A lot of commentators have begun heralding a new bull market in stocks. Day after day, I hear that March was THE bottom, that the next bull market has begun, and that anyone betting on another collapse is a moron.
These claims are not only wrong, they are completely misleading and should be depicted for what they are: nonsensical hype from sources with conflicted interests - folks whose jobs and income stem largely from people remaining bullish.
More often than not, these are the same guys who claimed that Bear Stearns marked the end of the Financial Crisis (how’d that work out?) and that the Federal Reserve can pump our way back into a bull market (how’s that working out?).
The reason this is entirely wrong is because this recession is not your average run of the mill excess inventory recession: the kind of economic contraction we’ve experienced post-WWII.
No, this is a DE-flationary debt collapse, a bursting of a 30-year credit bubble that papered over enormous drops in real incomes, standards of living, and financial stability. The private sector hit a point of total debt saturation in 2007
This recession so far has been the first taste of DE-flation the US has experienced since the ‘30s. Comparing it to every other post-WWII recession is like comparing apples and oranges. A debt bubble cannot be re-flated by issuing more debt. A second-grader can understand this. I don’t know why guys with PhDs, alleged experts, and the like don’t get it.
For 30 years, our economy grew by borrowing from the future. I mean that the US’s economic growth was funded largely by the use of credit: borrowings that would be paid back down the road.
In simple terms, the economy grew based on imaginary, not REAL demand. We pulled forward future sales of cars, TVs, homes, and the like. By using credit, we bought things NOW, that we would have normally bought LATER. This pulled future sales, future corporate earnings, future incomes, and future economic growth to the NOW through the ‘70s, ‘80s, and ‘90s.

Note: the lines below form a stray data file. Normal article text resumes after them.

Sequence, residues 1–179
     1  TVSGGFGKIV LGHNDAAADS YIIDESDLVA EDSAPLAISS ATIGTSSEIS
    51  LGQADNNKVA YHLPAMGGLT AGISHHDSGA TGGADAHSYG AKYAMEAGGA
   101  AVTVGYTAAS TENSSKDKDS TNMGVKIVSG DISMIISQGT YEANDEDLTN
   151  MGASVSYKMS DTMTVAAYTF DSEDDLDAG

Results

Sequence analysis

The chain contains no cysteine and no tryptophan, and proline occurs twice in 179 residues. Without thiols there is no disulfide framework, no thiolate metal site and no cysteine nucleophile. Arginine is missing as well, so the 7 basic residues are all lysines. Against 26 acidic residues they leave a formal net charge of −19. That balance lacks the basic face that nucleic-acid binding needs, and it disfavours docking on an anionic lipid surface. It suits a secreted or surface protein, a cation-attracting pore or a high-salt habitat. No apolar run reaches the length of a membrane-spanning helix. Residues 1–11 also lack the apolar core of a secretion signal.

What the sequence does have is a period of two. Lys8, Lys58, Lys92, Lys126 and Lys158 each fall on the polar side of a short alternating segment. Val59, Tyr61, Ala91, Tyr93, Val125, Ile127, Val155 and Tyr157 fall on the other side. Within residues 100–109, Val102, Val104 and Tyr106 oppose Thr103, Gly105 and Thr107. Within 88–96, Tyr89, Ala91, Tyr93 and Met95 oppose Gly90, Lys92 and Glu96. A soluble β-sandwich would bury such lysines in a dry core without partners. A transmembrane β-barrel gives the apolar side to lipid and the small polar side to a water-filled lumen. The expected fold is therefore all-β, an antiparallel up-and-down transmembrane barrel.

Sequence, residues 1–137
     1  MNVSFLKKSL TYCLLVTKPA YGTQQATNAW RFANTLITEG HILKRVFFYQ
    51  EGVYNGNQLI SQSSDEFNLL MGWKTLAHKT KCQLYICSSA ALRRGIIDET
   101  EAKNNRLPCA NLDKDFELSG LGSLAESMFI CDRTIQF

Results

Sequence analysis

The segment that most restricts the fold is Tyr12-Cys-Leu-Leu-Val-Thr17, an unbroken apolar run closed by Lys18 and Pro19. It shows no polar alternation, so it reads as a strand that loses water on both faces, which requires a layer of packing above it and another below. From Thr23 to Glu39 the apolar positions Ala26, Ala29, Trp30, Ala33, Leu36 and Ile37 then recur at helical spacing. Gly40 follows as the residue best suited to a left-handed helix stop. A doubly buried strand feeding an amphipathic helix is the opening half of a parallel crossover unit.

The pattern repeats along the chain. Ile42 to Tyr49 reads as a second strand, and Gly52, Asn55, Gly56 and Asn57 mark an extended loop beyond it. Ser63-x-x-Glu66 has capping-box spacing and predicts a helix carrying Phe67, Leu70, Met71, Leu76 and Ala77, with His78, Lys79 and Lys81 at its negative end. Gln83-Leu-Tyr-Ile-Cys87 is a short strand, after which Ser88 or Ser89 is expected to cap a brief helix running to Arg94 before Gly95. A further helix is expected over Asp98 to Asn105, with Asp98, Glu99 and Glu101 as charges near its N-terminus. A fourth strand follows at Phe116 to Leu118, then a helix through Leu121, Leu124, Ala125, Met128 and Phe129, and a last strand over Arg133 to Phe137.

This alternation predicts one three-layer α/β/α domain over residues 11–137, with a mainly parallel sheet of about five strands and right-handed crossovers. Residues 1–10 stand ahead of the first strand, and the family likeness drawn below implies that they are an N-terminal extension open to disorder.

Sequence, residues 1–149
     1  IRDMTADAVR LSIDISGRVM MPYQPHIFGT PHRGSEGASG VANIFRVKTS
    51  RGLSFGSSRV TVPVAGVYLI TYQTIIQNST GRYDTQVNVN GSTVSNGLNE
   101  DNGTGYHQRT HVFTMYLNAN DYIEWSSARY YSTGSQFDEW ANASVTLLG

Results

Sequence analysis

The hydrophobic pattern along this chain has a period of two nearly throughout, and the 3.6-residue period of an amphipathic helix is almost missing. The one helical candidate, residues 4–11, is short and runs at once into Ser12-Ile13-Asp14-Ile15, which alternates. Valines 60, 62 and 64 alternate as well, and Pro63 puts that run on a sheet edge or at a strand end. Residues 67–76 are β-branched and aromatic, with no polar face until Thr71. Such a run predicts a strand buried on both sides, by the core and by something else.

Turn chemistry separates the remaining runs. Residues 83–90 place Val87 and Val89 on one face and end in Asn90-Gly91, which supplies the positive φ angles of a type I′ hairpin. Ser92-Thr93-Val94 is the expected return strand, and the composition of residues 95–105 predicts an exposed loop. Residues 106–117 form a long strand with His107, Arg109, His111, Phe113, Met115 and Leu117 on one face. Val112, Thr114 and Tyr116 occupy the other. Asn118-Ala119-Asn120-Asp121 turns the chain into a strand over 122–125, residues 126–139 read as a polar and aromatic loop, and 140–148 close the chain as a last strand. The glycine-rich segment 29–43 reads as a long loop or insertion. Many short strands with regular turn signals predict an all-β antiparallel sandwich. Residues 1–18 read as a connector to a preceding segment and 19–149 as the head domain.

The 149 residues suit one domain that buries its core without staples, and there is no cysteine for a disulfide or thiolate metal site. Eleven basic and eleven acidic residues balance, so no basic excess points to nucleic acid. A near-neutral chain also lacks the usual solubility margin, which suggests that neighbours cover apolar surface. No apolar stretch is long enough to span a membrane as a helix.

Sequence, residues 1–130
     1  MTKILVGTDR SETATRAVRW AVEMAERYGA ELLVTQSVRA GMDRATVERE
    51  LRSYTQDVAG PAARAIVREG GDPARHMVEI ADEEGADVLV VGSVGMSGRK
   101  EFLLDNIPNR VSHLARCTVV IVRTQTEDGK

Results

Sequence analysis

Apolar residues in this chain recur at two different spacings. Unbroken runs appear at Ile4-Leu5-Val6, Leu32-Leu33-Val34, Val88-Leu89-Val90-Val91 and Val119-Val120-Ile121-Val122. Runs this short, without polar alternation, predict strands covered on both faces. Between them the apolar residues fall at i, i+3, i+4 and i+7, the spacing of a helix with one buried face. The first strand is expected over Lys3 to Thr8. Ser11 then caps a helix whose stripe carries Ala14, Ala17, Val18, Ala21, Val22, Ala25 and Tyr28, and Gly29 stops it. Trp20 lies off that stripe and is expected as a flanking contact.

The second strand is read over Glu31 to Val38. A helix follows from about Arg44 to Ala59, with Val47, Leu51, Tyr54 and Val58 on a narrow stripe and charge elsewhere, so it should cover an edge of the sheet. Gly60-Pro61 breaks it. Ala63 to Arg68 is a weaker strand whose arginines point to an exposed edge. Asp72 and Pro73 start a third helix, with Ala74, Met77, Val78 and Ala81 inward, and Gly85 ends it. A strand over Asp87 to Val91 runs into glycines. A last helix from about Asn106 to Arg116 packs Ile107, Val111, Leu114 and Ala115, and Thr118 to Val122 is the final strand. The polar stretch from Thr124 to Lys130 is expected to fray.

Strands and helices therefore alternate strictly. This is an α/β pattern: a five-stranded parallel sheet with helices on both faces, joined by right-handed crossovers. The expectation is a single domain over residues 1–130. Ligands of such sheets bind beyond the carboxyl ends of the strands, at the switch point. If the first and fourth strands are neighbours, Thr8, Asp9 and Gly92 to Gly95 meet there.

So instead of having a safe, annual rate of consumer spending growth (say 4-5%), we saw double digit rates of growth: for example, between 1980 and 1990, credit card spending increased more than five-fold while average household credit card balances quadrupled. That’s NOT normal.
This led to the single largest debt bubble in history ($49 trillion in private sector debt and $50+ trillion in public sector debt). And a debt bubble can continue until you can no longer meet debt payments. The private sector hit its “debt wall” in 2007. The public sector continues to grow its debts, creating an even larger bubble that will have even worse consequences.
Now, as you know, there are only two ways of dealing with a debt problem:
1) Paying it off
The US consumer has begun both. From February to May of this year we paid off $45 billion in credit card debt. Consumer credit contracted $3.3 billion in May, the fourth consecutive monthly decline (this makes our current credit contraction the longest running since 1991).
And we’re just getting started…
Total consumer debt at the bubble’s peak was $2.57 trillion (the other $46 trillion was corporate). So the fact we’ve paid off about $50 billion of this means Joe America has a LOT more (98%) debt to pay back and default on before he’s finished de-leveraging his balance sheet.